dsc04729.JPG

Now there’s something we understood, and we definitely knew what to do with it.  As I said, knowing how things work is the secret to a happy life!

Explore posts in the same categories: At Home In France

8 Comments on “Comment Ça Marche?”


  1. To help keep you out of further trouble:

    – The speed limit is 90 kpm on normal roads, 130 kpm on Autoroutes (except when its raining & then its 110kpm), 50 kpm in towns. All except otherwise posted.

    – Except in large cities ALWAYS stop for lunch no later than 1:00PM. Closer to 12:30 if possible. OR, if available, try the cafeterias in the big Hypermarkets or the Autoroute stops. They’re better than you think.

    – Dial 12 for information. 17 for the cops, 18 for the fire brigade, 15 for medical emergency and 13 to talk to an operator.

    – There are no narrow roads in France. There are, however, a large number of wide cars.

  2. Abra Says:

    Sadly, the number 12 no longer provides information! However, calling it did give me the useful information that if you look at http://www.appel118.fr you do get a list of numbers.

  3. Eric Says:

    Wow… It sounds like the French phone system completely sucks.

    411 in the US is old and busted. Only the old geezers use it. There’s Google’s free 411 and also sms. Dozens more… but Google is the easiest.

  4. Michel Says:

    Do you not have a cell phone?
    If you have a GSM phone (T-Mobile or AT&T), buy a cheap SIM card, slip it in and voila you have French mobile service at cheap rates. It costs about 0.80 Euros per minute to call the US, and is very cheap to call landlines and even other French mobiles.
    Absolutely essential.
    In Millau, did you see the new bridge? If so, any pictures?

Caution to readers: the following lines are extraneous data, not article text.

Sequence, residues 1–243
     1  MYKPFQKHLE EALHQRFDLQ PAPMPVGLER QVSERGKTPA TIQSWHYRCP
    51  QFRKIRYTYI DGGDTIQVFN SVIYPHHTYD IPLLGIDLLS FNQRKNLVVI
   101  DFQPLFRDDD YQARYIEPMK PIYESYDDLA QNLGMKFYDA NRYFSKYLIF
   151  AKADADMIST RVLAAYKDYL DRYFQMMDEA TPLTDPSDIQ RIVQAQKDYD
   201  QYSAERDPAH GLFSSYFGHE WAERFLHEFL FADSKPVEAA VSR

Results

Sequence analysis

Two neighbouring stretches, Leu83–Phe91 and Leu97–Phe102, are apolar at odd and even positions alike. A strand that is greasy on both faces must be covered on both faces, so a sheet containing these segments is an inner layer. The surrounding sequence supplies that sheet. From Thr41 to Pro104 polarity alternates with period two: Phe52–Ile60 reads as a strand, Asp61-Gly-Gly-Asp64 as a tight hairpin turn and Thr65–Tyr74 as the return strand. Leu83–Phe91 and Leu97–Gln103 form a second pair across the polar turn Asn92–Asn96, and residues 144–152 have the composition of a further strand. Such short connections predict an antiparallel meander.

And no one follows the speed limit in France, unless there are the R2-D2 cameras on the side of the road, but those are conveniently marked well in advance.

  5. Abra Says:

    We don’t have a cell phone here, but we’re going to get one, lest anyone think we’re geezers! And we don’t follow the speed limit either. We go slower. That’s because…well…every morning we read the local paper and see how many people have been killed in auto accidents, and…we’re just not that macho!

    We did see the bridge and it is indeed gorgeous, but we didn’t manage any pictures because we were late in both directions. Because we were going under the speed limit. Next time for sure.

  6. markemorse Says:

    Oh, dear. This was the hardest thing about expatriatism for me: getting accustomed to daily failure…language, customs, the way you present yourself, etc.

    It gets easier! Just keep laughing about it…

  7. RaiulBaztepo Says:

    Hello!
    Very Interesting post! Thank you for such interesting resource!
    PS: Sorry for my bad english, I’v just started to learn this language 😉
    See you!
    Your, Raiul Baztepo

  8. PiterKokoniz Says:

    Hello !! 🙂
    My name is Piter Kokoniz. Just want to tell, that I like your blog very much!
    And want to ask you: will you continue to post in this blog in future?
    Sorry for my bad english:)
    Thank you!
    Piter Kokoniz, from Latvia


Leave a Reply

Fill in your details below or click an icon to log in:

WordPress.com Logo

You are commenting using your WordPress.com account. Log Out / Change )

Twitter picture

You are commenting using your Twitter account. Log Out / Change )

Facebook photo

You are commenting using your Facebook account. Log Out / Change )

Google+ photo

You are commenting using your Google+ account. Log Out / Change )

Connecting to %s


%d bloggers like this: